Bush’s coming visit to Vietnam suffered a blip even before it begins.
On Monday, the US House of Representatives voted against decision to normalize trade relations with Vietnam. The legislation known as the Permanent Normal Trading Relations (PNTR) is unlikely to be reconsidered until next month.
US Congress needs to approve PNTR with Vietnam for US farmers, bankers and other businesses to share in the market-opening benefits of Hanoi’s entry into the World Trade Organization (WTO) next month. Vietnam was approved last week to become the 150th member of the WTO.
The defeat of the bill has overshadowed efforts to ensure that Bush’s visit to Vietnam would be a success, including Vietnam’s removal on Monday from the US list of countries of particular concerns on religious issues.
“It is very regrettable that the US House of Representative has not approved the bill…the defeat failed to meet with the interest and aspiration of the two countries, especially the interest of US business” said the spokesman for the Foreign Affairs Ministry, Le Dung. He added that they “hope that the US Congress will approve PNTR to Vietnam at an early date, thus contributing to promoting relations between the two countries.”
As a reassurance that bilateral ties between Vietnam and US would continue to grow, US Secretary of State, Condi Rice told her Vietnamese hosts that the USadministration would push for the normalization of trade relations. Further reassurance comes from President Bush himself in a major speech he delivered inSingapore, the day before he proceeded to Hanoi.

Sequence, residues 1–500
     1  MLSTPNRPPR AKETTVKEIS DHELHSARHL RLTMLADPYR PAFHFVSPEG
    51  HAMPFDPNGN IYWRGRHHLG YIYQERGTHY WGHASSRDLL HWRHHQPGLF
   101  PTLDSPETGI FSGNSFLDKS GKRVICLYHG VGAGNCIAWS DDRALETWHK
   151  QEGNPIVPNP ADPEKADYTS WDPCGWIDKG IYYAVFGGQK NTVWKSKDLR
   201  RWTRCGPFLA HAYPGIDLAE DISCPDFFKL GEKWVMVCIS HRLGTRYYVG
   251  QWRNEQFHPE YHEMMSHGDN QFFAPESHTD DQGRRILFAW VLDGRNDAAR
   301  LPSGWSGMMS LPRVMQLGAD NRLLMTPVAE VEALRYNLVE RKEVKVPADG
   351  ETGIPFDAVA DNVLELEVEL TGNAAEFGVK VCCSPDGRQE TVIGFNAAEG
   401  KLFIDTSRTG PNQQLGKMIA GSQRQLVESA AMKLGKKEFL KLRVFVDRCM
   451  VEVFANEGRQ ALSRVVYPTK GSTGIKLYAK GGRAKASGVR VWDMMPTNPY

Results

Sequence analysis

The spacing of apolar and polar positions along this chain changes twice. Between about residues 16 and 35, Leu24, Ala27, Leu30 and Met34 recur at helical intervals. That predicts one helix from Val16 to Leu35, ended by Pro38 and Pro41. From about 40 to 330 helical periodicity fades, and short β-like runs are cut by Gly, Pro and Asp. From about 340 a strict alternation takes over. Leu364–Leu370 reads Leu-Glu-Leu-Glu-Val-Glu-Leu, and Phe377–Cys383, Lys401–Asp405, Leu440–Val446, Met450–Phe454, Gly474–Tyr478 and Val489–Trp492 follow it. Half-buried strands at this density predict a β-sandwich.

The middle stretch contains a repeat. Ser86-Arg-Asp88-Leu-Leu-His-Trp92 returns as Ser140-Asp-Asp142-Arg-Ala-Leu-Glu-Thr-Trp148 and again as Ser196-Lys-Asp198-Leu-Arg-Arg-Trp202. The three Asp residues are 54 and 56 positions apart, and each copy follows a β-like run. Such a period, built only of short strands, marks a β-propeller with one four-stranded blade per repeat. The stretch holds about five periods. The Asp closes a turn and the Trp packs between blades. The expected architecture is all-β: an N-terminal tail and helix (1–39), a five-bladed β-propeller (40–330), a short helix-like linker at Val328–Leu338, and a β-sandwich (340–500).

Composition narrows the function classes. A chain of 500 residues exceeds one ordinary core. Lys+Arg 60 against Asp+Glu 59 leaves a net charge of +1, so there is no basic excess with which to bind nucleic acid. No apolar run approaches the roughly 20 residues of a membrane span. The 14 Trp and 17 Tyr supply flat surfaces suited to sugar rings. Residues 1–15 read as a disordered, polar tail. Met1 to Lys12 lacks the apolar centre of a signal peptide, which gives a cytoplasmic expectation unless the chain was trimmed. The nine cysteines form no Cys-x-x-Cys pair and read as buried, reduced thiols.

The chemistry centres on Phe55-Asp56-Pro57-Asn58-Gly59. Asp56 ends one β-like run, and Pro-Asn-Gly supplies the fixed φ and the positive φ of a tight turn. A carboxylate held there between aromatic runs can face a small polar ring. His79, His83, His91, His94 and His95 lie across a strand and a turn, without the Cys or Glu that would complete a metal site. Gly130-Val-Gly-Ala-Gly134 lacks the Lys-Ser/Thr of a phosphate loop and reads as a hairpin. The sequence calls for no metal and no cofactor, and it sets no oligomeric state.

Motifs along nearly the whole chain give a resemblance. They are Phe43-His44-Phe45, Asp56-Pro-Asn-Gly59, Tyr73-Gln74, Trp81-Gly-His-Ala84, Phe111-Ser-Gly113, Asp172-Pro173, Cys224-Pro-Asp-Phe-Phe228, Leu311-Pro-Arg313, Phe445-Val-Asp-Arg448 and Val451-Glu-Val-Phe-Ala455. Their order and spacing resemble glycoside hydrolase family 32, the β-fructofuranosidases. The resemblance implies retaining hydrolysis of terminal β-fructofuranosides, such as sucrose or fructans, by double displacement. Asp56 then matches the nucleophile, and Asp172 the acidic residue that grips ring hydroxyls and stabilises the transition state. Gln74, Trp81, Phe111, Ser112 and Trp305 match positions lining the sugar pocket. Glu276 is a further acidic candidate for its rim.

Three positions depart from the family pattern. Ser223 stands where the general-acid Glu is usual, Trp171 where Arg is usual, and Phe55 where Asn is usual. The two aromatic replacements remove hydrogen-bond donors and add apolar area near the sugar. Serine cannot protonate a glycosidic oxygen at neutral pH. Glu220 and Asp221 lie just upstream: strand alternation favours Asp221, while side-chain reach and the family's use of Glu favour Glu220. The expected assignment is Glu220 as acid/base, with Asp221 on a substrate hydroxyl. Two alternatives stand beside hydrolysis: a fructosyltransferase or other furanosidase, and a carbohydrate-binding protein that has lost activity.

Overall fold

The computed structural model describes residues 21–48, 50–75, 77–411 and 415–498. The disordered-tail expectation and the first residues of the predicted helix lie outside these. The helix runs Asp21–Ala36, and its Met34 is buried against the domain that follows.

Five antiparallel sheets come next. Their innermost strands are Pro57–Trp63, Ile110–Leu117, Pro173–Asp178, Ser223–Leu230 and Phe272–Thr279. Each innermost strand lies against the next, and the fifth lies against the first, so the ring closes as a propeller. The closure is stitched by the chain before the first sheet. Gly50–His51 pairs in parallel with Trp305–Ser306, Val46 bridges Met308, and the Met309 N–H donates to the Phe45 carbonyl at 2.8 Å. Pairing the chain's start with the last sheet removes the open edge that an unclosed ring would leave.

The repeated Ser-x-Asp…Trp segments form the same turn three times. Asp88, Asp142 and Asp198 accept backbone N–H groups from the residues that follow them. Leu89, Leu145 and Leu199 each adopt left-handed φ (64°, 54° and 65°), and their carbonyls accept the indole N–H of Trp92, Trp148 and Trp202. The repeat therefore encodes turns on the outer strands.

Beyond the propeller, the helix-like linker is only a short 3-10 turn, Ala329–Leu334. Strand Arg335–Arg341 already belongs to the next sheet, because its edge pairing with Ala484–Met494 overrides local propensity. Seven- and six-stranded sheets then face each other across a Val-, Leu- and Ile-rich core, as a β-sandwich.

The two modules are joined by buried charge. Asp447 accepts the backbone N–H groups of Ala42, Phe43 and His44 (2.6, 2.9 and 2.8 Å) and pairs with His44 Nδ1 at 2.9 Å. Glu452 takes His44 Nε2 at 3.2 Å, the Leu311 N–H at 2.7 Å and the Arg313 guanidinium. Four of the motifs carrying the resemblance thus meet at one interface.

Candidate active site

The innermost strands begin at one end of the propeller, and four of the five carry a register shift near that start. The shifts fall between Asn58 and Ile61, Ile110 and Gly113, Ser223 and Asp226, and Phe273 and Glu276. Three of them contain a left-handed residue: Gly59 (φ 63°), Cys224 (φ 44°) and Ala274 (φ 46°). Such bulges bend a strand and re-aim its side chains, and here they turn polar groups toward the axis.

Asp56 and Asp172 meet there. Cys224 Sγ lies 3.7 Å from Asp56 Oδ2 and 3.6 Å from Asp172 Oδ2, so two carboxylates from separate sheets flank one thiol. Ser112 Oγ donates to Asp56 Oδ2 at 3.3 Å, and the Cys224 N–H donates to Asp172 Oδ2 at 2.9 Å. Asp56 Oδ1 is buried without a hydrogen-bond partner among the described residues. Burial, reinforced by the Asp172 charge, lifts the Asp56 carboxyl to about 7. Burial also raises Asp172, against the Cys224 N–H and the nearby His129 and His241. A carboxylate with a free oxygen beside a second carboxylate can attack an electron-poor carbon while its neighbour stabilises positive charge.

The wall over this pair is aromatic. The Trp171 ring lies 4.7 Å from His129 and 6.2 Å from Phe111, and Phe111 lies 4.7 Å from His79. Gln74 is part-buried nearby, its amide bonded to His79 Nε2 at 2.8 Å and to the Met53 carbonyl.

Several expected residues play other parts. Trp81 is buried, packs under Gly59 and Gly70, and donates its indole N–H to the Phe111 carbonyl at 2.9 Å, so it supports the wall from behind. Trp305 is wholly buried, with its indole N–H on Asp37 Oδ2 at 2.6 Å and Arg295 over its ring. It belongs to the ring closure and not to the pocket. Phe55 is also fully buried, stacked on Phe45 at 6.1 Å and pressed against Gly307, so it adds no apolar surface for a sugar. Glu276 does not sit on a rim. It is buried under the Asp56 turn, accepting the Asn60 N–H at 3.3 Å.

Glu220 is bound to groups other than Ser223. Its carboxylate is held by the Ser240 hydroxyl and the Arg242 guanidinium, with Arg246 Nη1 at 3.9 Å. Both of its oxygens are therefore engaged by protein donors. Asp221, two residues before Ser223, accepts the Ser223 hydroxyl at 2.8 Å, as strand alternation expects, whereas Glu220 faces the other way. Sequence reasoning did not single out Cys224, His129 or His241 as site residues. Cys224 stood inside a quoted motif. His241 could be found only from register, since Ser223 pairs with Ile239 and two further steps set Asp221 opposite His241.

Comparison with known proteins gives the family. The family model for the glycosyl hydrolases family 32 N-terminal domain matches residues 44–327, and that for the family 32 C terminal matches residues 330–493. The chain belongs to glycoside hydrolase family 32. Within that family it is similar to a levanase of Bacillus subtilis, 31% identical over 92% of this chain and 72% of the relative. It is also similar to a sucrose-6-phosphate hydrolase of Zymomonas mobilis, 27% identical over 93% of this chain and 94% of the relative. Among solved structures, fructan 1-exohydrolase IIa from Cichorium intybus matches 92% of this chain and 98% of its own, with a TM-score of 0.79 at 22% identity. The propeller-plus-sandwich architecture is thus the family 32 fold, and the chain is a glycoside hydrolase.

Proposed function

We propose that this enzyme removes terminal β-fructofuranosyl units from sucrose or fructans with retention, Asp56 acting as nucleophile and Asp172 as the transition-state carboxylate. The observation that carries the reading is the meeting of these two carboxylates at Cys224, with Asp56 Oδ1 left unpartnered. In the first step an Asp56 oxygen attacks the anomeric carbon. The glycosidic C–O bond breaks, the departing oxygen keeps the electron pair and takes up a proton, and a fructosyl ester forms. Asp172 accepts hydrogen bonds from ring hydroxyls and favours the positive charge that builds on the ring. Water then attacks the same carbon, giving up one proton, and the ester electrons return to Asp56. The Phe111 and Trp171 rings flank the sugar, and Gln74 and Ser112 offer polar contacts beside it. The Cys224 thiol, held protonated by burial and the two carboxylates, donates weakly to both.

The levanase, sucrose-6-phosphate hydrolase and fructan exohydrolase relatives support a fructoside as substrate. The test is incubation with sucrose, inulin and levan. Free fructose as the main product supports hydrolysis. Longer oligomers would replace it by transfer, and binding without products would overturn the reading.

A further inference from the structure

In his first major foreign policy speech after suffering a major setback in mid-term elections which resulted in the Republicans’ loss of control of both Houses in the US Congress, Bush sent out a strong message on US commitment to Asia and in promoting free trade. While calling on Asian countries to help put the stalled Doharound of global talk back on track, he also gave US backing for a proposal to create an FTA for the Asia-Pacific region.
The calls for global trade talks to resume were repeated in the ministerial meetings that were already taking place in Hanoi now. WTO Director-General, Pascal Lamy, was there for this purpose. However, perhaps as an indication of the difficulties in reviving the Doha round, APEC ministers seemed to be more focused on the alternative that envisaged an APEC-wide FTA.
Besides trade issues, APEC ministers also called for the return to the six-party talks to deal with the North Korean nuclear issue. Another positive spin-off from the APEC meetings is perhaps the informal bilateral meeting between the Chinese and Japanese foreign ministers that led to the announcement that both China and Japanhave agreed to conduct a joint study of disputed history.
Bush to arrive in Vietnam without trade promise (Straits Times, 16 November 2006)
Apec states keen to break deadlock in global trade talks (Straits Times, 16 November 2006)
‘No’ vote on Viet trade Bill a blow for Hanoi-bound Bush (Straits Times, 15 November 2006)
Big guns at Hanoi’s coming-out party (Straits Times, 15 November 2006)
Apec leaders to call for revival of WTO trade talks (Straits Times, 14 November 2006)
Vietnam sees many changes on trade front (Thanh Nien News, 14 November 2006)
APEC 14 to witness deeper co-operation: President Triet (Nhan Dan, 13 November 2006)
WTO leader in Vietnam, assures help against teething troubles (Thanh Nien News, 15 November 2006)
WTO accession contributes to nation and world: PM (Nhan Dan, 16 November 2006)
More than unilateral push needed to revive Doha round (Thanh Nien News, 15 November 2006)
US house won’t revote this week on Vietnam (Thanh Nien News, 15 November 2006)
Vietnam regrets defeat of US trade bill, hopes for new vote soon (Thanh Nien News, 14 November 2006)
APEC calls for global trade talks to resume soon (Straits Times, 17 November 2006)
Bush vows commitment to Asia (Straits Times, 17 November 2006)